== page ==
If you have any questions that you would like us to answer in another MDi TV episode then please drop us a line via email or tweet us @PauleyCreative.

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How social media can improve your PR campaigns

The digital shift has had a big effect on the way news and information is published and consumed in the construction industry. PR professionals and marketers need to understand how this impacts the way they communicate with their audiences and the media. Social media has increased the number of available communication channels and facilitated real time conversations between companies and customers. It has given construction companies and individuals the opportunity to become publishers.Read More

How product manufacturers can make their email marketing more social

Email marketing remains one of the main communication mediums in the construction industry. Building product manufacturers use it to update their customers and prospects on new products, to promote exclusive discounts and discuss industry news. There are articles floating about saying that social media will ‘kill’ email but these forget the most important point; you need an email address to have a social media account in the first place! Email is not going away but the way it is used for marketing needs to adapt and align with the changing buying behaviour of specifiers and architects.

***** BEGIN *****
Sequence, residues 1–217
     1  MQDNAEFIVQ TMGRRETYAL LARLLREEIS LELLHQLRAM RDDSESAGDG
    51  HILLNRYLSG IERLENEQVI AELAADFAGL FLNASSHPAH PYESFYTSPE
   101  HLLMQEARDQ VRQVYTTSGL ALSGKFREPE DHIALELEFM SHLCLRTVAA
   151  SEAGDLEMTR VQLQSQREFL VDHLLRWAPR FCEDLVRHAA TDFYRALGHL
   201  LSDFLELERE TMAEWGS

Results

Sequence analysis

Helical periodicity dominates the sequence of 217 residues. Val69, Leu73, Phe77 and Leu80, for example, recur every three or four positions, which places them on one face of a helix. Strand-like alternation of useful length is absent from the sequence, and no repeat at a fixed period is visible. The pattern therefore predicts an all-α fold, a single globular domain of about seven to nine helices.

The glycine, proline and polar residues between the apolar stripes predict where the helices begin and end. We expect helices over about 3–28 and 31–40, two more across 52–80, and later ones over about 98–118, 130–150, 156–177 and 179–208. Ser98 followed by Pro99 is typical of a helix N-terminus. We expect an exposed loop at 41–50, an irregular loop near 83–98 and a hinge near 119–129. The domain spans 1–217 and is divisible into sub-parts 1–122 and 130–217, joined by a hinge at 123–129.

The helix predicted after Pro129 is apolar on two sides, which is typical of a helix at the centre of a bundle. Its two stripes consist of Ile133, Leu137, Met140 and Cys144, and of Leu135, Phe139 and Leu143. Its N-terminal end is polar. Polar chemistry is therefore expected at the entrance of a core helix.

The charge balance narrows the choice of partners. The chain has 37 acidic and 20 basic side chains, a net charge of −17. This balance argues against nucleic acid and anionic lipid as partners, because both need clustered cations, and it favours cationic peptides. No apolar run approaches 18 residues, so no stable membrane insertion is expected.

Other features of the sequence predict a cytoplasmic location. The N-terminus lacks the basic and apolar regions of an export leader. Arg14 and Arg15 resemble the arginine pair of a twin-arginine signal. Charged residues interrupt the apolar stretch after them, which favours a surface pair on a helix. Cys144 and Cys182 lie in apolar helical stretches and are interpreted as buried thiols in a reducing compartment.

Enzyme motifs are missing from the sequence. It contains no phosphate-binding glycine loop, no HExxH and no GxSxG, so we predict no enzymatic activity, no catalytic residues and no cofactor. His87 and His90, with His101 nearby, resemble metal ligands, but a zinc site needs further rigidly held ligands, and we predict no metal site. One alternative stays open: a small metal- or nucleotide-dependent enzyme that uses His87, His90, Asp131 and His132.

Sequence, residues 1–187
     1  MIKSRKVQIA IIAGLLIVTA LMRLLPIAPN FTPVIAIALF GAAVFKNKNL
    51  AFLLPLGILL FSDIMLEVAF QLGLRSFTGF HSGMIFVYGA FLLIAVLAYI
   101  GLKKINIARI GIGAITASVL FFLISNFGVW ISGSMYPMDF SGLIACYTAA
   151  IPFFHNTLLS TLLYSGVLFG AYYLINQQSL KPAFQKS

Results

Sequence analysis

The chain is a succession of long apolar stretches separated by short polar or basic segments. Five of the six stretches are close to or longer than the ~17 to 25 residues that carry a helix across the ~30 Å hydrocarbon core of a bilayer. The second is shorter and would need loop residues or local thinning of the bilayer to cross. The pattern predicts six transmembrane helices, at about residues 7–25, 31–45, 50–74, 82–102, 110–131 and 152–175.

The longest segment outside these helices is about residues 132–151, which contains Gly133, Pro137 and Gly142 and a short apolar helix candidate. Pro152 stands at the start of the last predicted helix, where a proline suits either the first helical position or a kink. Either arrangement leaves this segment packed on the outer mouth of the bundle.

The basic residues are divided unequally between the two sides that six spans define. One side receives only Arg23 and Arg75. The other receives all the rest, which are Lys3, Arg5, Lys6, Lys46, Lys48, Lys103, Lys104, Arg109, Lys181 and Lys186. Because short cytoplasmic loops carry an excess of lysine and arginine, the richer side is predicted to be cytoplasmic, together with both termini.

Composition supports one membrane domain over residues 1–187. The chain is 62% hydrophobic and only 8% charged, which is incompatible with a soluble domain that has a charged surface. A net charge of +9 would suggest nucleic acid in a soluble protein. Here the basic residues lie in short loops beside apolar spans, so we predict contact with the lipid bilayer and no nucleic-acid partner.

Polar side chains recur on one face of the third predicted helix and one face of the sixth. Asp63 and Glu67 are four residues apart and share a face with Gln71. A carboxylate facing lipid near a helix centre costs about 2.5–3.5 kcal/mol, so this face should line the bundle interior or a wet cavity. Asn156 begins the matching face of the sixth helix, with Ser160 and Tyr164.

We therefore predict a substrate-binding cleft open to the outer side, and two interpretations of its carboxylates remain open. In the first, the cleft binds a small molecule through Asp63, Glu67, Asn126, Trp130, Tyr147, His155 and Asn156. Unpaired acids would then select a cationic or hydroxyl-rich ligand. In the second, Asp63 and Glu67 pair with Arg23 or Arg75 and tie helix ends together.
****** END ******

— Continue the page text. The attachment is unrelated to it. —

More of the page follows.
Social media should be seen as a partner and not as a threat to email marketing. Together they can strengthen your brand message, provide new communication channels and increase your exposure to existing and potential customers. Both email and social media aim to keep your construction products top of mind for architects and specifiers by communicating with them in a relevant and timely manner that is both testable and measurable. Social media is the new tool but does not work alone. It is part of your overall marketing mix, of which email plays a large role.